System 44 students who completed the Phonics Inventory multiple times demonstrated statistically significant overall gains in Phonics Inventory fluency scores. Students increased from an average of 8.8 on first assessment to 11.2 on the second assessment (see Figure 2). When disaggregated by grade level, 3rd and 4th grade students demonstrated a significant overall gain in Phonics Inventory fluency scores. Fifth grade students completed the least amount of time in System 44 (M=121 minutes compared to the overall M=522 minutes) and had 2 outlier students with large pretest to posttest decreases, resulting in non-significant overall decreases in Phonics Inventoryfluency scores (mean change was -0.40 points when outliers were removed, indicating that participation was not long enough to increase reading fluency). Sixth and 7th grade students demonstrated notable gains in Phonics Inventory fluency scores, however, inconsistent time spent using System 44 resulted in inconsistent student gains, decreasing the overall statistical significance. Three students’ grade level was not identified and so are only included in the overall results.
In addition to Phonics Inventory fluency score gains, System 44 students also achieved increased pretest to posttest decoder status on the Phonics Inventory (see Figure 3). The percentage of students achieving an “Advancing” decoder status on the Phonics Inventory, indicating readiness to move to a more complex reading intervention, increased overall from 4.4% to 11.1%, while the percentage of students scoring at a “Pre-Decoder” decoder status, indicating little or no foundational reading skills, decreased from 2.2% to 0% during the 2018–2019 school year.
Of note, approximately 25% of the System 44 students who began the program with a Developing decoder status progressed to an Advancing decoder status, indicating readiness to graduate from the System 44 intervention. Large differences in mean topics completed and time spent in the software (see Table 3) distinguished between students who progressed from Developing to Advancing (mean topics completed=74.5, mean software time=995.5 minutes) and students who remained as Developing (mean topics completed=42.2, mean software time=526.6 minutes).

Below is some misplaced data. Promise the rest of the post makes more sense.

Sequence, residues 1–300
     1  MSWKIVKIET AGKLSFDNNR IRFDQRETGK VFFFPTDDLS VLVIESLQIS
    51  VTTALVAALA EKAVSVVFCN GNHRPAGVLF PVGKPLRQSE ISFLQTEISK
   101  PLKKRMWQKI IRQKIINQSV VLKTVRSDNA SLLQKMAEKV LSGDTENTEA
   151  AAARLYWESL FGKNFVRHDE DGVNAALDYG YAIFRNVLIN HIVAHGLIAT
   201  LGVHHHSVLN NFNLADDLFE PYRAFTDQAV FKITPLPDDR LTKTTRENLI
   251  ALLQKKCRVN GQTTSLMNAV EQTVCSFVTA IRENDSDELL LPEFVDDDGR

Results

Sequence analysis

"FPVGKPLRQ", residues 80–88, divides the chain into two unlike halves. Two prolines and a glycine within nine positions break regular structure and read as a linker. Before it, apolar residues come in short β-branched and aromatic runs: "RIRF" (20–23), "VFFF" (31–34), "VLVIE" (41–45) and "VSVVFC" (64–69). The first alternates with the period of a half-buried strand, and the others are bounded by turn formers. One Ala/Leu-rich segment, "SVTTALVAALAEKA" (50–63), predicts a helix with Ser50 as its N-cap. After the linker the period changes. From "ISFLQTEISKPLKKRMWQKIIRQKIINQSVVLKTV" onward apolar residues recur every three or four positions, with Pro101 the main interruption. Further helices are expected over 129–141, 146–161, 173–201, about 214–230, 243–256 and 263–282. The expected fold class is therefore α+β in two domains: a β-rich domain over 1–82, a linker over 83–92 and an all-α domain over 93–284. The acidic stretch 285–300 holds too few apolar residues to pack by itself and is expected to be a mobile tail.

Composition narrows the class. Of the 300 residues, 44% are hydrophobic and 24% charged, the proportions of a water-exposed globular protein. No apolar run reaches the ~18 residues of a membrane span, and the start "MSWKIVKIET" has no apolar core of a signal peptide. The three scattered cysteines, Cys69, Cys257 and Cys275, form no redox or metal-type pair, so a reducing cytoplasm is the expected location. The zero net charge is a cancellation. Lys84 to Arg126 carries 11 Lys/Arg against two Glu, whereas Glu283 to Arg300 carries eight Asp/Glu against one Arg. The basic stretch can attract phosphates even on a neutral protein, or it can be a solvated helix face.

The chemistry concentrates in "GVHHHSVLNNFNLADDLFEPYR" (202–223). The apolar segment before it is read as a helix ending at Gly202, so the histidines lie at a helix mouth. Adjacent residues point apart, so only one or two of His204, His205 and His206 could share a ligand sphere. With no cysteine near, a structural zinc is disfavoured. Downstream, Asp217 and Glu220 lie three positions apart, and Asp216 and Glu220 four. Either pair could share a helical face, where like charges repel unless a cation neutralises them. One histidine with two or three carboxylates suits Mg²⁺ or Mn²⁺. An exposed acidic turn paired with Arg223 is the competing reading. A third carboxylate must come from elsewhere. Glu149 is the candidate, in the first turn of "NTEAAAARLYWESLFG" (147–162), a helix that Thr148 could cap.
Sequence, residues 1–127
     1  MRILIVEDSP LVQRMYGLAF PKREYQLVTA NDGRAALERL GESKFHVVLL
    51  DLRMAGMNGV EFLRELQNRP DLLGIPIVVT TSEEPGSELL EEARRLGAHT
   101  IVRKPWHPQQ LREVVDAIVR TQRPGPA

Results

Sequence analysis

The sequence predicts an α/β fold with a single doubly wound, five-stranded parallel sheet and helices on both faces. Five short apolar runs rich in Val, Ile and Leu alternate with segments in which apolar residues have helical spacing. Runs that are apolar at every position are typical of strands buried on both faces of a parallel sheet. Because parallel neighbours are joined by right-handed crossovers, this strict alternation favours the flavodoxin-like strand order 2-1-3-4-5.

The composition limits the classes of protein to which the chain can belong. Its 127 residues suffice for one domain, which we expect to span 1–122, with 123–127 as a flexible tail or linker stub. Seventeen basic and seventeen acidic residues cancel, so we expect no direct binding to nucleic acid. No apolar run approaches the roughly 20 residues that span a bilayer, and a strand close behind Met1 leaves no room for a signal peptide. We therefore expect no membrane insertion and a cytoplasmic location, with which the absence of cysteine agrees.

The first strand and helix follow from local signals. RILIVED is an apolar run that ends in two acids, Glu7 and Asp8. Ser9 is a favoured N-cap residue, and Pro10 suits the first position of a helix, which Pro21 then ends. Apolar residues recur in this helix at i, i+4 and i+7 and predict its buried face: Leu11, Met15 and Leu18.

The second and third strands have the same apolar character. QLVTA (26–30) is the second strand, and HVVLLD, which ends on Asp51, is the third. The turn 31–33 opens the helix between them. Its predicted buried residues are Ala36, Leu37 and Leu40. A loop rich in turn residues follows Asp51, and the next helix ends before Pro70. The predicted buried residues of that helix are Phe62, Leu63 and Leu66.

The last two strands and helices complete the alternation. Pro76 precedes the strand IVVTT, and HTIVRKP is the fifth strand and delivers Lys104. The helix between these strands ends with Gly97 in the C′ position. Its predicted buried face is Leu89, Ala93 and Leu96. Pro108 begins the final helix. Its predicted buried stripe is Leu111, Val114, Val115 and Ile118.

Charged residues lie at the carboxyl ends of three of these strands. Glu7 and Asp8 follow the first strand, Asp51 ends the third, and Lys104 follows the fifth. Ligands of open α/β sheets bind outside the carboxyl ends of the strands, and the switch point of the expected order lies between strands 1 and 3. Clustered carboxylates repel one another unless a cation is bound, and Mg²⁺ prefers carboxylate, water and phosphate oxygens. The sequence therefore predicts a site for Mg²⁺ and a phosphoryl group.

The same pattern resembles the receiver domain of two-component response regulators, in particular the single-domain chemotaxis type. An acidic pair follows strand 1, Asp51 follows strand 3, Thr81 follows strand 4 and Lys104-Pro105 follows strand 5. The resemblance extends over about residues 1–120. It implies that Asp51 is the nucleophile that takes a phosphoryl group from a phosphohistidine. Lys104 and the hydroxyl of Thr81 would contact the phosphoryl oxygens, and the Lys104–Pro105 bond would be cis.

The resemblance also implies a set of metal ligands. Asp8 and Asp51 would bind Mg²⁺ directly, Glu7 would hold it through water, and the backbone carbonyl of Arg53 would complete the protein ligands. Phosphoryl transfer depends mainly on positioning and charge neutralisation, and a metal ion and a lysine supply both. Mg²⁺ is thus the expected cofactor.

Phonics Inventory subscores also demonstrated significant literacy gains during the 2018–2019 school year (see Figure 4). At pretest, Charles Armstrong School students demonstrated proficiency in Letter Name Accuracy (mean score 10.87 out of 11), an indication that students had the prerequisite skills to build decoding skills. From pretest to posttest, System 44 students achieved statistically significant gains in both Sight Word Accuracy (2.33 points), and Nonsense Word Accuracy (2.40 points), indicating an increase in decoding skills. Students also achieved statistically significant gains in both Sight Word Fluency (1.18 points) and Nonsense Word Fluency (1.28 points), indicating progress in foundational reading skills. Importantly, the gains in accuracy and fluency for both sight words and nonsense words indicate that System 44 is an effective intervention for students with dyslexia.
Students with dyslexia often fit one of two identified scoring trends2, having one of the following reading profiles: 1) possessing sight word reading skills but not nonsense word reading skills, indicating compensated memorization of words and a lack of true decoding skills; or 2) possessing neither sight word nor nonsense word reading skills, indicating both a lack of decoding skills and little experience with reading the irregular words and vocabulary specific to the English language. According to the pretest subscores, 7 students demonstrated the first profile and 18 students demonstrated the second profile. By posttest, 6 of the 7 profile 1 students increased in nonsense word accuracy and 17 of the 18 profile 2 students increased both sight word and nonsense word accuracy, indicating that all students increased decoding skills rather than continuing to compensate with memorization.
Further, increased use of the System 44 online software was a statistically significant predictor of Phonics Inventory Fluency score growth, both before and after correcting for selection bias (see Appendix Table 3 for details). On average, System 44 students who completed more topics in the System 44 online software3 also achieved higher gains in the Phonics Inventory Fluency score after accounting for initial Fluency scores (see Figure 5).4
Notably, disaggregation of the data indicated that System 44 was associated with significant Phonics Inventory Fluency Score gains for most categories of students during the 2018–2019 school year (see Figure 6). When results were disaggregated by gender, both males and females achieved statistically significant Phonics Inventory gains from pre- to post-instruction. When results were disaggregated by ethnicity, Caucasian students achieved statistically significant Phonics Inventory gains. Although the sample was too small (n=6) to capture the true significance of gains statistically, multiracial students gained an average of 4.7 points on the Phonics Inventory, in line with other students’ gains. Other categories of students had fewer than 4 members and so results were suppressed.